Visit Dolakha 2011 Promotional28 Aug 2014 in Leadership by Storyteller
Dolakha has it all for the inquiring and the attentive. If you are with someone who knows the area like his palm-lines, there is every chance that you will soon understand the changing ethos of the place. The town's neat and well-regulated life steeped in age-old traditions. The fresh air, the tourist spots that are almost voluble about their ancient tales, and the simple, believing people immediately send to rest the typical desperation of the resident of a metropolis. Perhaps that is why the Maoists spared the town, influenced by the spell of its feminine beauty.
In ancient times when Nepal had a profitable trade relationship with Tibet, this was the route that merchants used. It was then that this town rose to prosperity. There are still some houses belonging to those times. According to some locals, the town has more or less faithfully maintained its past appearance.
Apparently, as soon as trade and commerce dried up, Dolakha ceased to age. Despite the time-ravaged houses, the town is young, and so are its sons who constitute one of the most reliable work forces for odd jobs in the capital. When Laxman was injured and the great ape-god Hanuman was asked to bring a certain medicinal herb for the rescue, the mighty ape-god hovered on the sky above Dolakha, say the locals. Probably the beauty of the region dulled his sense of judgement and he ended up taking a chunk of a hill near the Gaurishanker mountain. "You can still see a chunk missing there," says Rakesh Shrestha of Ccho-Rolpa Tours and Tavels. And even though you cannot clearly make out the pointed spot due to the distance, you will be surprised to find that your mind has all of a sudden acquired extra creativity. In a flash of a second, you have conjured up the image of the ape-god performing that wondrous feat. That is not all. The Bhimeswor temple is not a new name to the god-fearing throughout the nation. People pour in every week from the capital and from various other districts to offer prayers to the God. During their visit, they don't forget to ask one famous question, "Is the God sweating?" For they all have heard that if Bhimeswor sweats, that means something big is to happen. And that may be good or bad. Legend has it that the despairing Lord Shiva traveled though this area, carrying the corpse of His beloved Sati Devi. The corpse of the goddess had decayed so badly that a piece of her flesh detached and fell down the gorges immediately north of Dolakha. Thus sprang up the temple of Tripura Sundari. Talk to the priest and he will confide that a certain golden icon was stolen from this beautiful temple years ago. Hence, the misfortune that has befallen the country ever since. Though decrepit with lack of maintenance, the Manjushree Park. will spring up to life as soon as you step in. It will start whispering love-poetry through the branches of its old and wise trees. If you have an inclination to pen down verses, you might even end up writing some poems. But be careful, the ground is slippery. The dry grass will try its best to upset your balance. But then, it is a harmless mischief. Even if you slip and fall down six times or even a dozen times as I did, don't curse the area. For there are forest-gods hovering around, and you might end-up infuriating them.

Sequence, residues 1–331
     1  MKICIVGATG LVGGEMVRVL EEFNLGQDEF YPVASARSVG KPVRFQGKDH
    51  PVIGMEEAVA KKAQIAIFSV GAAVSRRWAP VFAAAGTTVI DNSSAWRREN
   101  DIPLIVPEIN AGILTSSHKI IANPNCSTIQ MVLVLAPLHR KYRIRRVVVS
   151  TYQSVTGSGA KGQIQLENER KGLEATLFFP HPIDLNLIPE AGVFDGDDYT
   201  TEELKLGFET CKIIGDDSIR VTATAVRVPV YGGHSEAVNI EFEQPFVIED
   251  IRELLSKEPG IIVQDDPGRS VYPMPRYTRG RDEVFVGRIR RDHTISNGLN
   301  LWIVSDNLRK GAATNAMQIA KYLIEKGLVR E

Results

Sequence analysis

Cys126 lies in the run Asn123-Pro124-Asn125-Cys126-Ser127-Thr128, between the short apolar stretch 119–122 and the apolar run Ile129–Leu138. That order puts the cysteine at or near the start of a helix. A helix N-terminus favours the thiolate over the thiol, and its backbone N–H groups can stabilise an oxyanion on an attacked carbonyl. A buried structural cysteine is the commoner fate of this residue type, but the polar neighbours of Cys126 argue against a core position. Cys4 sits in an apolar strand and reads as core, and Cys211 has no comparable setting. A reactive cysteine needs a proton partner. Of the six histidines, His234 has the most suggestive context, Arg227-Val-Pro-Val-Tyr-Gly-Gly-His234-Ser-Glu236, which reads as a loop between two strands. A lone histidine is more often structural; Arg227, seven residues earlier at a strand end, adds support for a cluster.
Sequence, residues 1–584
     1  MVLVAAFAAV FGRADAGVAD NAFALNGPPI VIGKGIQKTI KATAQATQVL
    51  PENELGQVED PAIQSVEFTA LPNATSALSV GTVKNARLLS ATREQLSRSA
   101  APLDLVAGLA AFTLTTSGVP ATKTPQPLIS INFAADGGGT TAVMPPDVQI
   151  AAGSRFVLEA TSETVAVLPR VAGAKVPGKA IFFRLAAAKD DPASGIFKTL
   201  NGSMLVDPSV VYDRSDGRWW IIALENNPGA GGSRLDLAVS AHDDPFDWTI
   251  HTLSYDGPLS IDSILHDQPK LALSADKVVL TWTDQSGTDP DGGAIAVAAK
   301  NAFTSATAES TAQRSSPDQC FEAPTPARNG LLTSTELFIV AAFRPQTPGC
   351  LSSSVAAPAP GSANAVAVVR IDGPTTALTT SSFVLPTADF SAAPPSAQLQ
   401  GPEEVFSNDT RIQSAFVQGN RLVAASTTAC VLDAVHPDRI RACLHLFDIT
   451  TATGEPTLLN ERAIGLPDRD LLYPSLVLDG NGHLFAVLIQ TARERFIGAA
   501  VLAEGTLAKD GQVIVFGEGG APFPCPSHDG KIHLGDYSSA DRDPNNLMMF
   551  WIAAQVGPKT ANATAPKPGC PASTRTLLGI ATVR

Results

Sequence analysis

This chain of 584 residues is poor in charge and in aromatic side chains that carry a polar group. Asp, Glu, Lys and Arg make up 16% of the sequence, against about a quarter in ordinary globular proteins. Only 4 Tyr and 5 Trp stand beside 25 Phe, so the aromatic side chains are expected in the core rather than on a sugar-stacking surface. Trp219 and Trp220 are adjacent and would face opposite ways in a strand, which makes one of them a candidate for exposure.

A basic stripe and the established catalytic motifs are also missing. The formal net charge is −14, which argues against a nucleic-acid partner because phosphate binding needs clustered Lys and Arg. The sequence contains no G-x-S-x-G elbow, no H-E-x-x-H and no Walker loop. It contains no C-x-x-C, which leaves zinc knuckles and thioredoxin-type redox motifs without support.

Quite naturally, as Dolakha has been at peace since a long time. And the logic of conflict is something that they cannot understand, unless as some form of madness, spiritual illness, or moral pestilence.